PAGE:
Earlier this month, on May 2nd, the Colombian Supreme Court issued a ruling that will prohibit catch and release fishing. The decision, which cited animal cruelty as one of the leading arguments, received a 8-1 vote supporting the ban, and is expected to go into effect in one year. Chad Agy is a lifelong fly fisherman based out of Salt Lake City, UT, with a particular interest in combining travel with fly fishing. After experiencing the incredible fishing in the jungles of Colombia, he is seeking to shed light on this concerning decision that could have dramatic impacts on the environment and culture of the incredible country of Colombia. 

By Chad Agy

We are more than fly fishermen. To some degree, anyone who spends more than a couple years on the water transforms in to something else. A defender. A conservationist. A guardian. We are some of the greatest advocates for the fish we chase, the ecosystems where they live, and even the communities of people near the fisheries. Humans tend to exploit natural resources wherever they go. But with a catch and release ethos, waters frequented by fly fishermen often improve as a result of our attention, our money, and even our mere presence.

For these reasons and many others, the recent ruling by the Colombian Supreme Court to ban catch and release sport fishing is especially confounding. Under the guise of preventing “animal cruelty,” on May 3 the Colombian Supreme Court ruled that catch and release fishing amounts to torture. As things stand, the country will ban the practice in a year’s time, with a grace period to “allow people to adjust.” The claim is that catch and release fishing “violates the principals of environmental protection and animal welfare” and “demonstrate(s) the risk of damage to the environment.”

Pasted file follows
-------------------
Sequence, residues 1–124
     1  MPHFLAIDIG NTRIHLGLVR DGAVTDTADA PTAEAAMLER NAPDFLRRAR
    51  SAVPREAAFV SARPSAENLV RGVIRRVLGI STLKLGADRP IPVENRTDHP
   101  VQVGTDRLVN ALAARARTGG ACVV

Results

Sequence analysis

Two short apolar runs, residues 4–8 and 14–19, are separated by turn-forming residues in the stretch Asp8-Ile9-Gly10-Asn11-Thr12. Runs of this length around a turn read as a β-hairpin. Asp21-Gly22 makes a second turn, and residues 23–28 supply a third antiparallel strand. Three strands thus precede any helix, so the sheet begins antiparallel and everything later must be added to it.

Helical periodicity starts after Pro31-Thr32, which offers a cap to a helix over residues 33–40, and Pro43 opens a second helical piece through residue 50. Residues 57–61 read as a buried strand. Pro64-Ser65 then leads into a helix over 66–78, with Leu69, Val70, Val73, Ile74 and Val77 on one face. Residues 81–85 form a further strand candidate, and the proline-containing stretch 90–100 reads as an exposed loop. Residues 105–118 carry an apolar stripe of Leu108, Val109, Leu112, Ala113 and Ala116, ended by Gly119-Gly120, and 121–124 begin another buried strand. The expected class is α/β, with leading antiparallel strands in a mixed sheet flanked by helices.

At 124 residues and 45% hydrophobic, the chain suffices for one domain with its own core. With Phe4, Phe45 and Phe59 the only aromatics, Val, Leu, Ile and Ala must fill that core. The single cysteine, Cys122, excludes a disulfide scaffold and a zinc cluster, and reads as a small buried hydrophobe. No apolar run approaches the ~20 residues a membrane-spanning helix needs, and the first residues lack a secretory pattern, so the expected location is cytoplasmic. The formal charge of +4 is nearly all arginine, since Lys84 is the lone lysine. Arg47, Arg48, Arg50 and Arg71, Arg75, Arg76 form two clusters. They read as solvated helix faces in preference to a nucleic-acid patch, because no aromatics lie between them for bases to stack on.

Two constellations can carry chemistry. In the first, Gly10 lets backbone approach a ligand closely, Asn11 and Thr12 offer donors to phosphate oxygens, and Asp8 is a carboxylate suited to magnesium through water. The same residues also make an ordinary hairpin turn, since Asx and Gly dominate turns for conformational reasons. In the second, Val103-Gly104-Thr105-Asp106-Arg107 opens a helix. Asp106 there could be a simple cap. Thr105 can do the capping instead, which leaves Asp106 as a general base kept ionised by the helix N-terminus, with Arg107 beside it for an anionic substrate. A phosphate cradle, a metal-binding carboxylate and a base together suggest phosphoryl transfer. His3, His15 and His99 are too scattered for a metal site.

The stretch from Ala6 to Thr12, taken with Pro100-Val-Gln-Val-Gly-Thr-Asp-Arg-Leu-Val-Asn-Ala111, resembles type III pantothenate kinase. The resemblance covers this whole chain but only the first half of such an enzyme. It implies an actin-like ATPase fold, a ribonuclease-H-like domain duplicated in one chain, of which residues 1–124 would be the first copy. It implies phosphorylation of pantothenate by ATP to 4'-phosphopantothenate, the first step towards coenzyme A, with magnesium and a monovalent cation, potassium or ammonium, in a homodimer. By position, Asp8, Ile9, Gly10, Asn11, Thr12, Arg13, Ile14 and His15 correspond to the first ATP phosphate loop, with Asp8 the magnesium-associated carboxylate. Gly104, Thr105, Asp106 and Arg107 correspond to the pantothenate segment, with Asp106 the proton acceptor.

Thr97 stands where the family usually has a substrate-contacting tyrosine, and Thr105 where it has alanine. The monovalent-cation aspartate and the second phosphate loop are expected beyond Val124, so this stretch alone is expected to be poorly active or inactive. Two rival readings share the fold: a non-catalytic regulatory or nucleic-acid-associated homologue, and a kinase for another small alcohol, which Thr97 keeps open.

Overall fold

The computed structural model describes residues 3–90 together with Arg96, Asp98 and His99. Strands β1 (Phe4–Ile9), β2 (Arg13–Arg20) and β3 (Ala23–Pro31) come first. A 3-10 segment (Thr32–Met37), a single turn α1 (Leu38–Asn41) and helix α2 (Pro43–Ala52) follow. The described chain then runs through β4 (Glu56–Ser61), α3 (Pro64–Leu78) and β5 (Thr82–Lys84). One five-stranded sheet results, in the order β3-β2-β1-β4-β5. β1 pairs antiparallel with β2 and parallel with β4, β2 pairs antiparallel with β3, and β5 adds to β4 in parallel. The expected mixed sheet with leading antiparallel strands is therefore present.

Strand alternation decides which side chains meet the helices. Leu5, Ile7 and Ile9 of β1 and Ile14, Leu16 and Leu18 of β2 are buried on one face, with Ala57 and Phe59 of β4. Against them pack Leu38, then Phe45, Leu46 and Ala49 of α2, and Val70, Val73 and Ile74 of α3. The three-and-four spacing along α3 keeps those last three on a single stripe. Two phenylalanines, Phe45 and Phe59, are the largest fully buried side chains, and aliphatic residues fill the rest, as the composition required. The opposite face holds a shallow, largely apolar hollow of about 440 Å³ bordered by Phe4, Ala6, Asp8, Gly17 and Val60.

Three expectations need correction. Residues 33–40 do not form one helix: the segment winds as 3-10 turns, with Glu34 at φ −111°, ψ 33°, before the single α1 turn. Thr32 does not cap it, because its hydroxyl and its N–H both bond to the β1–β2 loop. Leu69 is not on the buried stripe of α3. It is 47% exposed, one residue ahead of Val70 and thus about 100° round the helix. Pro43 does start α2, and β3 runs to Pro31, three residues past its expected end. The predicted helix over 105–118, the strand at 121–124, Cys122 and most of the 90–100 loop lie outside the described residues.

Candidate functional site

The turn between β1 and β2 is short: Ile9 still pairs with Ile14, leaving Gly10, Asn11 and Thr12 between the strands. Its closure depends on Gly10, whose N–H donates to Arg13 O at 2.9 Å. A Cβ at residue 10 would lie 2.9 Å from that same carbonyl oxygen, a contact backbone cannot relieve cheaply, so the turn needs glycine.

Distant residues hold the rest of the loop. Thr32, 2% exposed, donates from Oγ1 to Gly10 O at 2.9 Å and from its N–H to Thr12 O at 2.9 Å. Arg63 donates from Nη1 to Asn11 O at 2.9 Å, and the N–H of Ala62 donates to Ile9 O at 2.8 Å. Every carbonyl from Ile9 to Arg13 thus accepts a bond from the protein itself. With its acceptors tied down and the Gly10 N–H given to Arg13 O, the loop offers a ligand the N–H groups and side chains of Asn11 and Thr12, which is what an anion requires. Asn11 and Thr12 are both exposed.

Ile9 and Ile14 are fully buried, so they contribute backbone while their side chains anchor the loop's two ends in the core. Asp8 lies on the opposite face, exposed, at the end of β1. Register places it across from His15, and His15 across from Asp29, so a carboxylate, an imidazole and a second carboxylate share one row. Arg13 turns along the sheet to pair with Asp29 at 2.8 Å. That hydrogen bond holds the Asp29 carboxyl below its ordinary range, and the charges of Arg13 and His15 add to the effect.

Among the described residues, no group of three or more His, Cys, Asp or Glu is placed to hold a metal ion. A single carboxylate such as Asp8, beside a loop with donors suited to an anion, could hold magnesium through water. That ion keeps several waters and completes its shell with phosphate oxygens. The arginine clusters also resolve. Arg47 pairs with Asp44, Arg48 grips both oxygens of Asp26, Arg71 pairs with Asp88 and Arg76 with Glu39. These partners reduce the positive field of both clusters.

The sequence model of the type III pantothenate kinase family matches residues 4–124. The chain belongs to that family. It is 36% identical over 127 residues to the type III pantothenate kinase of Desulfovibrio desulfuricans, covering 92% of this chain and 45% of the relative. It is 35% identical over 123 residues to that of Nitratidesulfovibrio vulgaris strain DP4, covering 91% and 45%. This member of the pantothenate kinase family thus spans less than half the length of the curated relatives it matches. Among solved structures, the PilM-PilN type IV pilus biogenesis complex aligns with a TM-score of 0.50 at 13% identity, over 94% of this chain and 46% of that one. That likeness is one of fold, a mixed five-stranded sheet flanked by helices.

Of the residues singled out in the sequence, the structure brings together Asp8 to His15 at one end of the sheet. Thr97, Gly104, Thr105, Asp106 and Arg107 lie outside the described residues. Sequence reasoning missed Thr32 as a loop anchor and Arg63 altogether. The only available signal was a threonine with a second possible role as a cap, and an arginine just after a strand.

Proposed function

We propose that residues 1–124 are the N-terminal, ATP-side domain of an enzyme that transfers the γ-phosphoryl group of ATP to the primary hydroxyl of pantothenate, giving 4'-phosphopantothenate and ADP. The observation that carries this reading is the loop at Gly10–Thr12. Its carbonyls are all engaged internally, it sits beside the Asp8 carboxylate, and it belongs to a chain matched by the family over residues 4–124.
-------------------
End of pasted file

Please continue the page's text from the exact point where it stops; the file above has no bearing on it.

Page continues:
What is obvious is that both Colombia’s fish and Colombians themselves will suffer due to this ruling. Colombia enjoys some of the best jungle and saltwater fly fishing in the world. Thousands of Colombians depend on the industry and its tourism for their livelihoods. 

During a recent trip to Colombia’s Orinoco Basin, I had the first hand opportunity to witness the benefits of sportfishing tourism. Silvio, our indigenous guide, told me that he was using his pay for the week to purchase a motorbike, which he could use to sell fish to other communities and to take his wife to doctor appointments. He told me that the payara populations in particular are healthier than ever, as his people shift to more sustainable practices of harvest. With interested tourists, the fish are now worth more to his people alive than dead.

One evening as we drove up the river in Silvio’s small skiff, we came upon some poachers who had a gill net strung up across half the river. As we approached, the poachers timidly disappeared in to the surrounding jungle. When we passed the spot the next morning, we noticed that they had vacated the area. How long would they have stayed if there was no presence from sport fishermen? How many fish would they have killed? 

Without a doubt, some fish die as a result of catch and release fishing, no matter how much care is taken or how many barbs are pinched.  But the ruling of the Colombian Supreme Court is misguided. Fisheries and ecosystems will suffer without conservation-minded anglers around. Rural communities will revert to unsustainable harvest. Perhaps other nefarious activities that mar Colombia’s past will return, as the flow of legitimate, legal income disappears. Successful Colombian businesses built on catch and release fishing tourism will collapse. Hopefully reason will prevail once those in power have a chance to learn more about the impending debacle of their making.

Photos and words by Chad Agy.

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  1. It might be an indigenous value being imposed here. In Idaho I ran in to the same thing on the Clearwater River. On reservation land, catch and release was prohibited. I think it is misguided as well. How is a dead fish I take home to eat any less tortuous to the fish? I if release the fish, Is it not there for the tribe later?

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